"After considerable thought, I have reluctantly decided not to participate in #veganuary2019. There are many reasons, but the main one is that I'd rather impale myself on a rusty spear dosed with sulphuric acid.”
Piers Morgan, leader of the vegan resistance.
This month, Charlotte has decided to jump on the vegan bandwagon by trying to cut down on meat and dairy. So, why has this once fringe movement turned into the lifestyle of choice for the 'cool kids'? Charlotte, over to you...
It’s not surprising to see Piers Morgan mocking veganism, but what is surprising is how many people are disagreeing with him. Since the turn of the new year #Veganuary has been infiltrating from all angles, with supermarkets and restaurants expanding their vegan options and more and more people choosing to reduce their meat consumption whether it’s for health, environmental or ethical reasons.
But how did we go from rolling our eyes at hardline PETA activists with their farm protests and flour bombs, to getting on board with this new lifestyle? What has allowed society to now be so willing to have its norms challenged?
In the past week we’ve seen vegan PR ventures dominating the news with Gregg’s and McDonald’s launching a vegan “sausage” roll and meat-free Happy Meal respectively, causing controversy among staunch meat-eaters.
“It’s supposed to be a HAPPY meal”, Piers insists. But akin to a panto villain, the public is rallying against him to show how ridiculous it is to object to these new offerings. Opposition is being dismissed in favour of open mindedness and logic: what’s the big deal, after all? And when the fast food powerhouses get behind it you know change is a-coming.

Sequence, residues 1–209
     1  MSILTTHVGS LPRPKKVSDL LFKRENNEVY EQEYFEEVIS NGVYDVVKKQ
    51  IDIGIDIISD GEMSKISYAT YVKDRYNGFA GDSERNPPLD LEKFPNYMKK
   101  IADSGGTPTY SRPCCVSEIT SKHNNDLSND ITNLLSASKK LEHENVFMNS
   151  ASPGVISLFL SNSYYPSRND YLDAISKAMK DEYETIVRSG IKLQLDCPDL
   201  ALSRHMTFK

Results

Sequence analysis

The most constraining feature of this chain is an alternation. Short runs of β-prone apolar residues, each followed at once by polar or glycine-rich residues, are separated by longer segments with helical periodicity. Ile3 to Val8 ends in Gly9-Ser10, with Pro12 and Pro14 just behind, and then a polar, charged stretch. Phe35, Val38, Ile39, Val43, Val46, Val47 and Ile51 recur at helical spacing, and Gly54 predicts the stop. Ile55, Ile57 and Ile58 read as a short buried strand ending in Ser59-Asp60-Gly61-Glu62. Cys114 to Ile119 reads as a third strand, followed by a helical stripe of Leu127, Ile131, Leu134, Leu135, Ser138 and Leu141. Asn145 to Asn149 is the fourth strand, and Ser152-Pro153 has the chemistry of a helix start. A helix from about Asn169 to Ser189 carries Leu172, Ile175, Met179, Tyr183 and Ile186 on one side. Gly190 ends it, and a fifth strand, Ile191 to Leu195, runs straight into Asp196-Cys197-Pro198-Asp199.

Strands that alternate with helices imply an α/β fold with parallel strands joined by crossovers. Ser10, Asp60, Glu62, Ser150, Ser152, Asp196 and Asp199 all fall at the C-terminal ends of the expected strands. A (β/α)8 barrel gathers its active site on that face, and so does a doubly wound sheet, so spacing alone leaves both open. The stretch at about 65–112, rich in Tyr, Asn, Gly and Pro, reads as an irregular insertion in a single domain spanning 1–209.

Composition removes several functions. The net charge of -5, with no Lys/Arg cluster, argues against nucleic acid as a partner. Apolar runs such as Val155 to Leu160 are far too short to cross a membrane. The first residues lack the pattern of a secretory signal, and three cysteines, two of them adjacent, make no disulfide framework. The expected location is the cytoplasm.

As we become more health-conscious, we’re also embracing lifestyle bloggers with their fitness regimes, diet plans and cookbook launches. The GraceFitUKs, the Deliciously Ellas, the Dr. Hazel Wallaces of the world. As well as that, some of our favourite celebrities have switched to a vegan lifestyle including Joaquin Phoenix, Ariana Grande and my all-time faves, Beyoncé and Jay Z. In recent years, Beyoncé has been known to switch to a vegan diet in the run up to big performances and ahead of her 2018 Coachella set, she even encouraged her Instagram followers to join her on the 44-day meal plan.
With celebrities and bloggers acting as the friendly face of veganism, it’s harder to still view it as a militant fringe movement; it has become more relatable and aspirational to the general public. If it’s good enough for Beyoncé, it’s good enough for her fans!
PR efforts from the likes of Gregg’s, along with the rise of vegan influencers, have managed to engage the public in a discussion about the world’s meat consumption and its wider effects on our planet and our health. An onslaught of media coverage, celebrity endorsements and PR stunts has resulted in a branding overhaul for veganism, turning a fringe movement mainstream.
The public perception of this lifestyle has completely changed. Social activism is on trend, and we no longer view vegans as kooky hippies not to be taken seriously. Whether or not you decide to embrace the plant-based life, it’s slowly but surely altering our consumer behaviour and attitudes. One ‘sausage’ roll at a time.